BETHESDA, Md. (Feb. 24, 2009) − When participants performed a mentally fatiguing task prior to a difficult exercise test, they reached exhaustion more quickly than when they did the same exercise when mentally rested, a new study finds.
The study also found that mental fatigue did not cause the heart or muscles to perform any differently. Instead, our "perceived effort" determines when we reach exhaustion. The researchers said the next step is to look at the brain to find out exactly why people with mental fatigue perceive exercise to be more difficult.
Samuele M. Marcora, Walter Staiano and Victoria Manning of Bangor University, Wales, the United Kingdom, did the study, "Mental fatigue impairs physical performance in humans." The study will appear in the March print edition of the Journal of Applied Physiology. The American Physiological Society published the study.
The 16 participants rode a stationary bicycle to exhaustion under two conditions: once when they were mentally fatigued and once when they were mentally rested. The trials took place in the laboratory on different days. The participants got the same amount of sleep, drank the same amount and had the same meal before each of the sessions.
The mental fatigue sessions began with a challenging 90-minute mental task that required close attention, memory, quick reaction and an ability to inhibit a response. After undergoing this session, participants reported being tired and lacking energy. The control session consisted of watching neutral documentaries for 90 minutes and was not mentally fatiguing.
After each of the 90-minute sessions – mentally fatiguing or non-fatiguing – the participants did an intense bout of exercise on a stationary bicycle. They rode until exhaustion, defined as the point when they could not maintain a cadence of at least 60 revolutions per minute for more than five seconds.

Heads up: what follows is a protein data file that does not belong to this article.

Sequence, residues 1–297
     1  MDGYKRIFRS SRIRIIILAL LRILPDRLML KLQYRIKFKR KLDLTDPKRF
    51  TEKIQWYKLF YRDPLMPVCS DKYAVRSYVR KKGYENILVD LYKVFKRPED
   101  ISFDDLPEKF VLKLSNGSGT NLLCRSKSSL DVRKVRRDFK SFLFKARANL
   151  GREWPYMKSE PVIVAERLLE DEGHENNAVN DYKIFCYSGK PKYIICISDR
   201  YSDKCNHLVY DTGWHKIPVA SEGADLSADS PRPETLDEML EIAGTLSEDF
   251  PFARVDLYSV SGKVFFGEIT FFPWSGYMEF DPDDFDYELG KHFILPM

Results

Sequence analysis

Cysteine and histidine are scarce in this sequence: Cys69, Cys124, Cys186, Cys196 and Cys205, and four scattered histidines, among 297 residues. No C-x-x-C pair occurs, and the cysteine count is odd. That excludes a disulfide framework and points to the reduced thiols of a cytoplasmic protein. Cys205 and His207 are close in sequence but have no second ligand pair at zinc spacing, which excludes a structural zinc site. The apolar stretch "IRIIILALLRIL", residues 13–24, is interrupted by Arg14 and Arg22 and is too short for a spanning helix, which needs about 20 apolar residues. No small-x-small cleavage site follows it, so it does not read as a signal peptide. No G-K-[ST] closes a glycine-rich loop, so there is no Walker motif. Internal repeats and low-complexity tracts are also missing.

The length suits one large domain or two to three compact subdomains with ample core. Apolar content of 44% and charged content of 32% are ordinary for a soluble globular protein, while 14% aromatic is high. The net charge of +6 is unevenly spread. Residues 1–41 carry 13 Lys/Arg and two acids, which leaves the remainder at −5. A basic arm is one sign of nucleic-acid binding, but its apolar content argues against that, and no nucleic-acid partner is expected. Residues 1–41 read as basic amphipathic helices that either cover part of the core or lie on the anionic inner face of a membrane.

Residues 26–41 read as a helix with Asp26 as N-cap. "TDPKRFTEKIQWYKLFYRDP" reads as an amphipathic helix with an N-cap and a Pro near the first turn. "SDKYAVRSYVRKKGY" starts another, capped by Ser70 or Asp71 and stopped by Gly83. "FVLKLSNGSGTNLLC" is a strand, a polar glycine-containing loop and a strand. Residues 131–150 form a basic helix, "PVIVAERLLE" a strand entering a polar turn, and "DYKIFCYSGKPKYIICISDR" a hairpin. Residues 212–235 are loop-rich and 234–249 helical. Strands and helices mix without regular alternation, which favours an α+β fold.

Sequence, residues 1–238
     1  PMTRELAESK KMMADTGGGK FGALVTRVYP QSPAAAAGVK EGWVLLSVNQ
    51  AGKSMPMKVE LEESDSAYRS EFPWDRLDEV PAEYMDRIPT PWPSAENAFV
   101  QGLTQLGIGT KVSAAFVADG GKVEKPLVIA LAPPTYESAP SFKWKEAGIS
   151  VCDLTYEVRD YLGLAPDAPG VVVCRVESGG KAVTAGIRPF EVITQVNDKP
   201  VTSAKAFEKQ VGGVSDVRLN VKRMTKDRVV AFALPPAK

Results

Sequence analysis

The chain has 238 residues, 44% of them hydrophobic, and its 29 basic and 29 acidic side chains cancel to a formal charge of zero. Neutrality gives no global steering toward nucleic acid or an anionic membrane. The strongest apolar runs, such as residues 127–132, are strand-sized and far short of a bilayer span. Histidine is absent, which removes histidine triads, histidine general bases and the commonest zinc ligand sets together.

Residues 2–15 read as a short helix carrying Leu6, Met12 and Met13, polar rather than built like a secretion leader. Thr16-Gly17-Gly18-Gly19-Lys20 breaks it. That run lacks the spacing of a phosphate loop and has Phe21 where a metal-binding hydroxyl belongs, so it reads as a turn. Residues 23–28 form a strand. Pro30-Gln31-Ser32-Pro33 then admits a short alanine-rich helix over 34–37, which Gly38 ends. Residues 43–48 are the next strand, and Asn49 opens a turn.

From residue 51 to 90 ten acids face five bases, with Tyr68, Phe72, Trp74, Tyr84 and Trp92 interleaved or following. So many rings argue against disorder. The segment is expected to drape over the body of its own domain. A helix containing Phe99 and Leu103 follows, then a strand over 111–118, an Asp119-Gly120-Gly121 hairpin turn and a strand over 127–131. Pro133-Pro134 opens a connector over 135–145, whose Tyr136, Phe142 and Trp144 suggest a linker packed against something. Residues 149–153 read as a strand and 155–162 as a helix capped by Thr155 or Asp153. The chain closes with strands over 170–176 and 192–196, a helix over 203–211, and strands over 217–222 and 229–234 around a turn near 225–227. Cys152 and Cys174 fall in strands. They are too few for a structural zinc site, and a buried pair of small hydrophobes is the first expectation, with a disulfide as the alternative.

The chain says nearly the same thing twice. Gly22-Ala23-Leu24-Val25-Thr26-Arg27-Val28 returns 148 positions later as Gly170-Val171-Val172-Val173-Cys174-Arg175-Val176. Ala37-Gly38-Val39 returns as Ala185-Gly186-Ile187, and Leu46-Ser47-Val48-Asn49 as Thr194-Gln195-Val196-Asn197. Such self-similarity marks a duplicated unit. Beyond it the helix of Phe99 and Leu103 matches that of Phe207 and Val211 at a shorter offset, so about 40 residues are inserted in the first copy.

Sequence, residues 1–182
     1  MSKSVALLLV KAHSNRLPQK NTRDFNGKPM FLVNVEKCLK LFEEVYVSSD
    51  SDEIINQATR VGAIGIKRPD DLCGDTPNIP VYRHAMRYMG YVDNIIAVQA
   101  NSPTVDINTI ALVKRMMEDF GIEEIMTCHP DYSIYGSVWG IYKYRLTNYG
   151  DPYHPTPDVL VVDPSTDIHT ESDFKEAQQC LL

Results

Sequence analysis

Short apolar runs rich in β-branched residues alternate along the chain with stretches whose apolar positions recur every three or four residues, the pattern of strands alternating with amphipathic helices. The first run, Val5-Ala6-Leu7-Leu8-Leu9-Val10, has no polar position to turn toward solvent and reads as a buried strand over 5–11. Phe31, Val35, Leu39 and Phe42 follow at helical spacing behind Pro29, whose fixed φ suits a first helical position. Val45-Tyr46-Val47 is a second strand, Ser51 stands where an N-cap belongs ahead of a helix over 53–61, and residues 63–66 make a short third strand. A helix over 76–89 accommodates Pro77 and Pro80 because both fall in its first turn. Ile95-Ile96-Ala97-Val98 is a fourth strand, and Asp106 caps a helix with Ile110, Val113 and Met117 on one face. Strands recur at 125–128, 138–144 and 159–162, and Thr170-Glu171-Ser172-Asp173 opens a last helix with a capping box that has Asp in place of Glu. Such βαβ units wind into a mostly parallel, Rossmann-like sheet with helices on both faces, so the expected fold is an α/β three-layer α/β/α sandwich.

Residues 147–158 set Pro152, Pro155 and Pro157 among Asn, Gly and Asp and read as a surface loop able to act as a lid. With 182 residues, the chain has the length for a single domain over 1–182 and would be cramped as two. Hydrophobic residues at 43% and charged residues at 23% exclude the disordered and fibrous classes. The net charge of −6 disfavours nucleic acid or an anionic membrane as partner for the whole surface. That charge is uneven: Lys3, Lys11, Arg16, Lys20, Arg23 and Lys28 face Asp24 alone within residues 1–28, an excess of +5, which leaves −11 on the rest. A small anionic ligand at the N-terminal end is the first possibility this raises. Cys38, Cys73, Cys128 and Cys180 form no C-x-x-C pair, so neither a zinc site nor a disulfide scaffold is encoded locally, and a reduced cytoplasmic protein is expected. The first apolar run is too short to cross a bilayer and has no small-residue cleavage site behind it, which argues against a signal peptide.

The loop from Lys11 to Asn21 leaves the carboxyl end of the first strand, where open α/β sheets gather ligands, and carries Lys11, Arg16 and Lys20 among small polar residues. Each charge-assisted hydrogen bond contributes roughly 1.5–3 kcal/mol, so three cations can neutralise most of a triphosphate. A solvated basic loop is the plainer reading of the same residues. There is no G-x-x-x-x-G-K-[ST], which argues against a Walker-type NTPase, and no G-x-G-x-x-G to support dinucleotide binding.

Throughout both exercise sessions, the researchers tracked a variety of physiological measures, such as oxygen consumption, heart rate, cardiac output, blood pressure, ventilation, and blood lactate levels. The participants completed surveys to measure their motivation and perceived effort. The researchers offered monetary prizes for the best performance on the exercise and mental tasks as a way to keep motivation high.
The researchers speculate that the perception of effort occurs in the brain. Dr. Marcora said his team is considering two possibilities:
One interesting note is that demanding mental tasks activate the anterior cingulate cortex of the brain. Previous research has shown that rats with a lesion in the anterior cingulate cortex would not work as hard for a reward compared to rats with no lesion. This area of the brain may be where perception of effort originates, Dr. Marcora said.
Applying the results
This research could provide a way to study chronic fatigue syndrome, Dr. Marcora said. People with chronic fatigue report they lack energy and experience "brain fog," just like the mentally fatigued participants in this study. In addition, as in this study, people with chronic fatigue perceive exercise to be more difficult despite physiological responses considered normal during exercise.
The research model may also be helpful for military personnel. They do physically demanding tasks after long period of vigilance. Vigilance produces mental fatigue.
Finally, the study suggests that people doing high intensity training, such as competitive athletes, should do their training while mentally rested. However, people who exercise after work should continue doing so, even if mentally fatigued. Most people work out at a moderate intensity, which still gives plenty of physiological and psychological benefit, including relief from stress and improved mental performance.
NOTE TO EDITORS: To interview Dr. Marcora, please contact Christine Guilfoy at (301) 634-7253 or at email@example.com.
Funding: School of Sport, Health and Exercise Science, Bangor University, Wales, U.K.
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